FEBRUARY 24, 2020
Dear Fellow Employers,
I have had the absolute privilege of serving as Ntarupt’s CEO since 2014. Together, my staff and I have made a real difference in the lives of Dallas students.
Supervising a staff that contains several young women has its challenges. STOP – I know what you are thinking, and it’s not an internal conflict. I have had to intervene in a formal fashion at least three times over these years to ensure my staff members were safe from people who were asserting themselves in explicitly unwanted times and spaces, including our workplace. It staggers me, frankly, the number of people who have failed to comply with the explicitly stated lack of consent by staff members who actually teaches about the importance of consent and asserting boundaries in the reproductive health education they conduct.
During Teen Dating Violence Awareness Month, I urge everyone to clearly express consent and boundaries and get help when they feel endangered. A good resource is loveisrespect.org, a 24/7 hotline that you can also reach via phone at 1-866-331-9474.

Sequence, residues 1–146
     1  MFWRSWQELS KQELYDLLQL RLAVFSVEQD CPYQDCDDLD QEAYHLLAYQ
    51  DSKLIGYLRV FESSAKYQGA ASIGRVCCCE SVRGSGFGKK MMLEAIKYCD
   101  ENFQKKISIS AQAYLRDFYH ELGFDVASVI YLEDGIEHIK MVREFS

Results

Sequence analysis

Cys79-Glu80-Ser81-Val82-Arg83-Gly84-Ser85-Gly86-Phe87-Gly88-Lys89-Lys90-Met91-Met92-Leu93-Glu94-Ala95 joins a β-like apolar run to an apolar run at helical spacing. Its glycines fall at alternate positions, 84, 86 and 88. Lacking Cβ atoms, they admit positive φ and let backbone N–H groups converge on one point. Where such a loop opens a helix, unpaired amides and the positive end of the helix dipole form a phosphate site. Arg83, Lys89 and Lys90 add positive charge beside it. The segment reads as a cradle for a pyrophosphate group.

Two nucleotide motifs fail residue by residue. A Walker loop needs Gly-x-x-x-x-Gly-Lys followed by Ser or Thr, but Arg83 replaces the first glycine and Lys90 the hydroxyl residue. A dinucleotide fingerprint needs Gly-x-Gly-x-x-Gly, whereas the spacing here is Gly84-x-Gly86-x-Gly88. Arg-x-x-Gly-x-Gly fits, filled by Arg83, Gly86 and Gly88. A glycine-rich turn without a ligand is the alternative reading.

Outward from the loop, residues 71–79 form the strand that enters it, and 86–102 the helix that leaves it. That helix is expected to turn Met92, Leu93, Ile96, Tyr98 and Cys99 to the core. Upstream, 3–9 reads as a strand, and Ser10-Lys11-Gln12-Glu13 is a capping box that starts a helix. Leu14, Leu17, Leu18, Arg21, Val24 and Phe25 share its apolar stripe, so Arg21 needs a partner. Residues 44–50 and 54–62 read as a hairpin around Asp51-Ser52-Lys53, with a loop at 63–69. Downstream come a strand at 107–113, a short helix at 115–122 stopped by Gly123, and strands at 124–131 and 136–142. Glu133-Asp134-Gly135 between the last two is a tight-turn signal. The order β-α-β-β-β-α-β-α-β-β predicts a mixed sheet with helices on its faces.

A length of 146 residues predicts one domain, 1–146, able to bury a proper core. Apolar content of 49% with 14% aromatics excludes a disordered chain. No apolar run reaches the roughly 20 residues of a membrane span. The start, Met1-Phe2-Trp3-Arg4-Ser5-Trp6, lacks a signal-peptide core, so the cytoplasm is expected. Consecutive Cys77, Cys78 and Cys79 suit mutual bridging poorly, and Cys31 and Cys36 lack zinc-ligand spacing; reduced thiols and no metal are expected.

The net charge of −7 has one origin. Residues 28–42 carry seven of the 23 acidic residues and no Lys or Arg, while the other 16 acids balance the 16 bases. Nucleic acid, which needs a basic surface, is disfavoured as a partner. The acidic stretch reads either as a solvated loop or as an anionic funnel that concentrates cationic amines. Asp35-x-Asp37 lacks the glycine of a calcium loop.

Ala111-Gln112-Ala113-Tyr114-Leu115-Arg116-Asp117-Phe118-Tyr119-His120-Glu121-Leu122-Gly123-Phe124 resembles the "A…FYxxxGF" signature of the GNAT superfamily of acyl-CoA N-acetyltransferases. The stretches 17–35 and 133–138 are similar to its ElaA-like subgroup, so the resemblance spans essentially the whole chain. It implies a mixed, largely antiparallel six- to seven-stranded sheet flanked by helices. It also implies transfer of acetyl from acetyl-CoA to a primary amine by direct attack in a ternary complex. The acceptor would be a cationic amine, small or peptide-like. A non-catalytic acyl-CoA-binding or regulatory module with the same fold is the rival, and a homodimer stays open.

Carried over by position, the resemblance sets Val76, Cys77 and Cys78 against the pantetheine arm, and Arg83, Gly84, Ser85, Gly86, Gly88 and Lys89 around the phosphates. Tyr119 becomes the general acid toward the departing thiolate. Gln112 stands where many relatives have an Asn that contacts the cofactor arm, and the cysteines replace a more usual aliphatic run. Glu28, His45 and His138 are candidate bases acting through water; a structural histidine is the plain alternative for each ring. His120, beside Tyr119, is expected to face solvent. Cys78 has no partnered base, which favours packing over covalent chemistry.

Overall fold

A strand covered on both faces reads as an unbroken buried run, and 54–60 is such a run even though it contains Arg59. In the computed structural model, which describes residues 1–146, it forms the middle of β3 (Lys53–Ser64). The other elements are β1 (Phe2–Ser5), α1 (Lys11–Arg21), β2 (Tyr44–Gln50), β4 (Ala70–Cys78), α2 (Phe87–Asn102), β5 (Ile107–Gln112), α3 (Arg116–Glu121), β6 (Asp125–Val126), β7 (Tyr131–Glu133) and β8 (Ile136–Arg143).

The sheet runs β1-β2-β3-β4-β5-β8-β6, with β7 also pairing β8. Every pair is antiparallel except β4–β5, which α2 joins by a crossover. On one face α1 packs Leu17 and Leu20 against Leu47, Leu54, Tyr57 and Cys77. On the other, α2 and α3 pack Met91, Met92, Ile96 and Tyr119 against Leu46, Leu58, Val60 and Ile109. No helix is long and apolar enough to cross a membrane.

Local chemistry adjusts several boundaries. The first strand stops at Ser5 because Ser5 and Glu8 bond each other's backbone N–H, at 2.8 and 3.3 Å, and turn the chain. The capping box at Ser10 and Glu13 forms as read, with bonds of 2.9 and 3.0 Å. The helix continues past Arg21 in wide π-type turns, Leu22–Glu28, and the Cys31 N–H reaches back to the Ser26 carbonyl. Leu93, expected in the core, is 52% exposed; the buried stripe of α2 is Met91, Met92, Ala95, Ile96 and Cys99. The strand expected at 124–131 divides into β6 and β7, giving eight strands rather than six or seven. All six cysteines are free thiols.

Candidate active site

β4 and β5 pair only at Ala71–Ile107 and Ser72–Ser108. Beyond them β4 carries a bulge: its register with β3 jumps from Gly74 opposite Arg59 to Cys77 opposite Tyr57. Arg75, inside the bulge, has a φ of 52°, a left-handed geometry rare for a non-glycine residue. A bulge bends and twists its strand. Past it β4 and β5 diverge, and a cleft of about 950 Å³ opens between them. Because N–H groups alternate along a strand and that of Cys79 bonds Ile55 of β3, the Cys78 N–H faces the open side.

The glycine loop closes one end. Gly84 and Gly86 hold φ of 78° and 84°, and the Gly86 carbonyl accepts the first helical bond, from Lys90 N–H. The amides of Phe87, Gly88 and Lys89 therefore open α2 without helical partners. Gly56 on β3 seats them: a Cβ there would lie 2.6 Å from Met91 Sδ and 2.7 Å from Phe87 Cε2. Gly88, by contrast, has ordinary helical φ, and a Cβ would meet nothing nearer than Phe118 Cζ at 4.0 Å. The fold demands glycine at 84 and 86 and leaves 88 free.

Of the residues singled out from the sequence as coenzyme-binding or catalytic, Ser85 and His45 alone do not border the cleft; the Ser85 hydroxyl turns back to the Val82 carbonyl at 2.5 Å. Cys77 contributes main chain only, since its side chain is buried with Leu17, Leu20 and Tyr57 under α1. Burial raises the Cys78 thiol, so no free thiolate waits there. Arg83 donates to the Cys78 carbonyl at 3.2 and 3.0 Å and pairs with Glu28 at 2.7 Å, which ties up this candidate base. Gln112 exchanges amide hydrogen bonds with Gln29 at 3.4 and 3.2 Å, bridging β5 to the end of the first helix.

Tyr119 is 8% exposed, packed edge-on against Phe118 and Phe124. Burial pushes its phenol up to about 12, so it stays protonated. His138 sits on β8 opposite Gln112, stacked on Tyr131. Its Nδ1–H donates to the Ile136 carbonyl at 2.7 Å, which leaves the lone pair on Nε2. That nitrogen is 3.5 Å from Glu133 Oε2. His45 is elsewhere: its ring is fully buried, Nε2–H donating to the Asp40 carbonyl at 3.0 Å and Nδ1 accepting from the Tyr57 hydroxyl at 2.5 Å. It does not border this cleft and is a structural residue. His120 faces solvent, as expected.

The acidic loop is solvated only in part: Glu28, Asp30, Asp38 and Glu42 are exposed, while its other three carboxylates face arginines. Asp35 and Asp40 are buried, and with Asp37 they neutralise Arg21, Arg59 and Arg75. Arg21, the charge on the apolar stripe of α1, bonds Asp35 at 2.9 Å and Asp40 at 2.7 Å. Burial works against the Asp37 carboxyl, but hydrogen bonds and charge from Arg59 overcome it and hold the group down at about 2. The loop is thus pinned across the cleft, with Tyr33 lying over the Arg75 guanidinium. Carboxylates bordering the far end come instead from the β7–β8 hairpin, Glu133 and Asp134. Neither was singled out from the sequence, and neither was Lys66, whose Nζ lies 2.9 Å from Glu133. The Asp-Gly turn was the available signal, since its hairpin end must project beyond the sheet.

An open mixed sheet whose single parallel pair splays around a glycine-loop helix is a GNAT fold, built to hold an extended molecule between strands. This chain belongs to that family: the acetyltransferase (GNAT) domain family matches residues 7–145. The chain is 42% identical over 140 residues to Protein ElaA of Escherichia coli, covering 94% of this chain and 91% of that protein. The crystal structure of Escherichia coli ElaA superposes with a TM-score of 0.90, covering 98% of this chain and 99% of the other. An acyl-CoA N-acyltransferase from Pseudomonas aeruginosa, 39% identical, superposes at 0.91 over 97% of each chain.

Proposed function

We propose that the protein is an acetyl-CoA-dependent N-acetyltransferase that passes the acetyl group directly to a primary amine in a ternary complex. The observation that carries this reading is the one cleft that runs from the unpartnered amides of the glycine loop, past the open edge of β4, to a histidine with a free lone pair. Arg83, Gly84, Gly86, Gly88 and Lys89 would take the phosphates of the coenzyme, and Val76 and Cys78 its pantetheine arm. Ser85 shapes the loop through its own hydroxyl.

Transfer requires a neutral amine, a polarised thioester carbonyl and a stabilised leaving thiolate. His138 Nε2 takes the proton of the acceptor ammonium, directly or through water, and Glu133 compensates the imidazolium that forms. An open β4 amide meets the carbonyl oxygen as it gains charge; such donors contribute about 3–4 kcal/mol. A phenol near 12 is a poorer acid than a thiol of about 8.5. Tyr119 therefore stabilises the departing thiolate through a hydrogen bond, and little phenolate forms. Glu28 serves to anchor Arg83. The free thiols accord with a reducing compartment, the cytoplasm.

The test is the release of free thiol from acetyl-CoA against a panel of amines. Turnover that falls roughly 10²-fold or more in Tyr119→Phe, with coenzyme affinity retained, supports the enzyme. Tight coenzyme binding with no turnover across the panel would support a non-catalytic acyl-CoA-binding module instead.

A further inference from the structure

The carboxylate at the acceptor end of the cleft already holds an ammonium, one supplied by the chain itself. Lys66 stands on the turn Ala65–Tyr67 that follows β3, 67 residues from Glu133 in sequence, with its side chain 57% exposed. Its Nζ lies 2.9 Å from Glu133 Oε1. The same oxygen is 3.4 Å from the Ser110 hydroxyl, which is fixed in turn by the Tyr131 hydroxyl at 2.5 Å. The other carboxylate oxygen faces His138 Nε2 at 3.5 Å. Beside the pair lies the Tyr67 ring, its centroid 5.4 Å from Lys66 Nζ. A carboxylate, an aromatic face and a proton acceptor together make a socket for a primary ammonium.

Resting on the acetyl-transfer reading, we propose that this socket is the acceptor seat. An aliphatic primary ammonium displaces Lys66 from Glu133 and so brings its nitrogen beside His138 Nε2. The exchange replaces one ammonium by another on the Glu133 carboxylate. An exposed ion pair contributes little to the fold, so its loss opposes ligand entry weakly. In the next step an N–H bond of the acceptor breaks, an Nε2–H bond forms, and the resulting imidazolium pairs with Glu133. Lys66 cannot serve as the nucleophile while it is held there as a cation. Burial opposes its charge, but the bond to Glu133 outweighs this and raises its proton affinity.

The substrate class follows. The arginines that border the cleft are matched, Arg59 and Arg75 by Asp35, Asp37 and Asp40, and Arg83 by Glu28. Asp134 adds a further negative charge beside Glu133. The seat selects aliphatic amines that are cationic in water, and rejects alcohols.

As employers, we have to reinforce the rules of consent and not ignore these incidents. Here are some steps you can take:
- Notify security in your workplace
- Make every effort not to judge a report of stalking or harassment, and let them know it will be kept confidential unless disclosure is needed to provide protection
- Point them to resources and assist them in making a formal complaint
- Discuss internet safety and make sure you protect employee privacy
- Alert other employees on a need to know basis
- Develop a personal safety plan with the employee and staff that can include things like walking to and from cars and unlisting employee contact information
- Providing contact information for hotlines
I personally have had to call other peoples’ supervisors to report inappropriate conduct; I have had to talk to security officers and police; I have had to escort employees in and out of work; I have consulted on filing charges; I have had to remove employees from our website; and offered to find them a safe place to stay; I have involved other employees to be watchful. While you may say my experience is anecdotal, to me it seems epidemic.
Why is our “no” something they can ignore? When someone tells you they don’t want to see you or not to contact them, it means you do not have consent to contact them in any way. Yet people feel entitled to call, text, create social media aliases to stay in contact with someone who is clearly not wanting to be contacted? Is it mental illness? I know it is unhealthy.
The more often we meet intrusions with clear messages that there is no consent here, the more messages will be received that “no” means “no”, and it’s not OK.
Terry Greenberg, CEO of the North Texas Alliance to Reduce Unintended Pregnancy in Teens (Ntarupt)